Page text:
Investors Should Short JNJ Stock and Buy Boeing Stock

Both Johnson & Johnson (NYSE:JNJ) and Boeing (NYSE:BA) have been accused of wrongdoing recently. Investors have been punishing Boeing stock and largely letting JNJ stock off the hook.

Investors Should Short JNJ Stock and Buy Boeing Stock

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In the past month, Boeing is down 12%, while JNJ has lost 2%. Over the last three months, Boeing has fallen 10% and JNJ is up 0.3%.

But for a variety of reasons, it’s clear that JNJ is in huge trouble, while Boeing stock is poised to bounce back. Therefore, I recommend a pair trade of shorting JNJ stock and buying BA stock.

Johnson & Johnson’s Losses Will Be Truly Huge

J&J is fighting two gigantic and tremendously costly litigation battles, with thousands of plaintiffs in each of the conflicts. Those two battles are over the company’s role in the opioid epidemic and the allegations that its talcum powder contains cancer-causing asbestos.

Both struggles are looking like they will meaningfully hurt JNJ stock in the long-run. On Oct. 21,  four state attorneys general, representing states, cities, and counties were willing to accept a settlement. Under the proposed settlement, J&J and four other companies would have paid over $22 billion of cash and provided $26 billion of “treatment drugs and delivery services” over ten years.

That, by itself, sounds like a deal that wouldn’t hurt JNJ stock too much. Under a similar, previous proposal that was later vetoed by municipalities, JNJ had to pay $4 billion over two to three years. That sounds doable for JNJ, which has $15 billion of cash, according to Yahoo Finance.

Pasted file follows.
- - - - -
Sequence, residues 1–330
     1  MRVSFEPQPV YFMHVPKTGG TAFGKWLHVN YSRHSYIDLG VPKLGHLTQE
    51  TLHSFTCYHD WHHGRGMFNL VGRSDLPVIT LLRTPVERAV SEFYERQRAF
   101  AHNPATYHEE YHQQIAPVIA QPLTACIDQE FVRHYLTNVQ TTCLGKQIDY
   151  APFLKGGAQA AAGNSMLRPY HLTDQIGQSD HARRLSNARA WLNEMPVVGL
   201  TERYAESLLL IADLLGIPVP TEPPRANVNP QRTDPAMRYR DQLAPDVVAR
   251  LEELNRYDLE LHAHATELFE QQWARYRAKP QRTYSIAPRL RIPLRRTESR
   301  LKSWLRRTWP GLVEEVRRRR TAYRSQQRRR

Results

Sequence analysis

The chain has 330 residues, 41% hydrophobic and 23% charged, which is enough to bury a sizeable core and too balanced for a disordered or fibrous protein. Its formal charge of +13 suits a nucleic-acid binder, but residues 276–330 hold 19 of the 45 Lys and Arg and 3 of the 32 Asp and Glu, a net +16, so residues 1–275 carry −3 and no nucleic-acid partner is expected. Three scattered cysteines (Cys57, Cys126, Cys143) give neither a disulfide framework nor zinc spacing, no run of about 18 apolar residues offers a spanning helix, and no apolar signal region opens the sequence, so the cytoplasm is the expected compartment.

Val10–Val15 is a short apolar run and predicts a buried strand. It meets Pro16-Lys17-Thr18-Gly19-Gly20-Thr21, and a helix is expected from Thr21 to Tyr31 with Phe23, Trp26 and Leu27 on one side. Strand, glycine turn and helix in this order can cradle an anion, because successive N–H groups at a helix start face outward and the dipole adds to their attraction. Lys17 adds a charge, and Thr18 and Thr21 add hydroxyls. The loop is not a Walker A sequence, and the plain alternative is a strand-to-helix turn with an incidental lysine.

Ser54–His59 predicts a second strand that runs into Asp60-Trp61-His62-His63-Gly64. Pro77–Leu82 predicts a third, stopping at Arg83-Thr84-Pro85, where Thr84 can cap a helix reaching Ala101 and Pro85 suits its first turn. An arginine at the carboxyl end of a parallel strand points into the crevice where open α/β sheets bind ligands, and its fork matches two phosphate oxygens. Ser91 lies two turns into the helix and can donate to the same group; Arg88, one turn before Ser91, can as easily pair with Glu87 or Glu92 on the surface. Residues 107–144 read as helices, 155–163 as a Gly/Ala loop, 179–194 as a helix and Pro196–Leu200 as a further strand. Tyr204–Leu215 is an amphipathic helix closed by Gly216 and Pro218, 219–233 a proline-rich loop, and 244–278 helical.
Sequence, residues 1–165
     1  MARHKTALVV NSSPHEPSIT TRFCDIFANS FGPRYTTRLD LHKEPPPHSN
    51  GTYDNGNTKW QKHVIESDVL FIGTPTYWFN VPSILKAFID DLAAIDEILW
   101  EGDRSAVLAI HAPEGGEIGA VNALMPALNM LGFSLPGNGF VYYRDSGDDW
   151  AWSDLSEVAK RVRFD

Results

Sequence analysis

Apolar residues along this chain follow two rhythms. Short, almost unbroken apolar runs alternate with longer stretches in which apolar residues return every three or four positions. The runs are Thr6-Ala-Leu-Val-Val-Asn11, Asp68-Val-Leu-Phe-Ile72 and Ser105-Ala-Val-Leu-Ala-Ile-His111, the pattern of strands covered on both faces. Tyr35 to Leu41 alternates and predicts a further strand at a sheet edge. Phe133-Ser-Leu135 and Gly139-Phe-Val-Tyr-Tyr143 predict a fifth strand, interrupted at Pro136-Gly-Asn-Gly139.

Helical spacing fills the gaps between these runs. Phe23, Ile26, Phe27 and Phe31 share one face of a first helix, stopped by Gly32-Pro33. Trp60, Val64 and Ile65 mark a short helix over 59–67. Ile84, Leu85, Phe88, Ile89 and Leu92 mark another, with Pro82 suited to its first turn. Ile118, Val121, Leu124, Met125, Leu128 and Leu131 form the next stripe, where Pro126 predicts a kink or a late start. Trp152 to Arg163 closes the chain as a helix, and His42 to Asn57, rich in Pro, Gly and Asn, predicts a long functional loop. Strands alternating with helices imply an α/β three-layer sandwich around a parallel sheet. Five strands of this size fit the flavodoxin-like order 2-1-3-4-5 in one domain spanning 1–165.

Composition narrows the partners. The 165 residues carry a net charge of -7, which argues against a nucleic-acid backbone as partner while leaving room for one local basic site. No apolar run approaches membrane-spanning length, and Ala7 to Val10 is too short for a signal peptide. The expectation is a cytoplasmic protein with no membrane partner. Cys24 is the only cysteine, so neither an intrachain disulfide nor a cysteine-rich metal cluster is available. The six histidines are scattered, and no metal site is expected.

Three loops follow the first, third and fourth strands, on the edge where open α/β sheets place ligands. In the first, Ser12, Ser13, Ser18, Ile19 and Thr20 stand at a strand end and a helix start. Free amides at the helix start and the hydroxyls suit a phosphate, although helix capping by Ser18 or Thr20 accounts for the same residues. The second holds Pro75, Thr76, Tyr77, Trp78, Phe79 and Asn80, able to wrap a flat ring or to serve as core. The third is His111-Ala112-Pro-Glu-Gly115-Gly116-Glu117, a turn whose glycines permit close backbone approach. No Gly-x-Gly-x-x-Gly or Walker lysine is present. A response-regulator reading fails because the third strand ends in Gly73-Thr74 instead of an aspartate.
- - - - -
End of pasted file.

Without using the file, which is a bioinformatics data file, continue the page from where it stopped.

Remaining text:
But not surprisingly, local governments, which have to shoulder most of the direct costs of the opioid epidemic, rejected the latest proposal as well.

The  Statistics Don’t Look Good for JNJ Stock

It’s not surprising that municipalities rejected the latest proposed settlement because the money they would have received from it won’t come close to covering their costs. New York City has spent $500 million on the opioid epidemic, but would only receive $5 million or $6 million per year from the proposed settlement, the cities’  lawyer stated.

According to the lawyer, other cities are facing similar discrepancies. Why should cities accept a settlement that doesn’t come close to covering their costs? They would be much better off taking the drug companies to court themselves.

I believe any settlement will have to cover municipalities’ past and present costs or at least come close to doing so. As a result, I think J&J will have to pay at least two or three times more than the amount previously accepted by the attorneys general. Two times more would be around $8 billion, or over 50% of Johnson & Johnson’s current cash.

Although I couldn’t find any evidence that individuals have sued Johnson &Johnson over its role in the opioid crisis, they may still do so.

The Talcum Powder Will Likely Get Worse

Many individuals, however, have sued the company over the talcum powder allegations. Specifically, Bloomberg reported that the company is facing over 15,000 lawsuits related to the allegations.

The amount of money that JNJ may owe over this issue is truly staggering.  Last year, a jury in New Jersey (where J&J is based and laws are more favorable to drug makers than most other states awarded $117 million to a plaintiff who claimed he contracted mesothelioma from the company’s powder.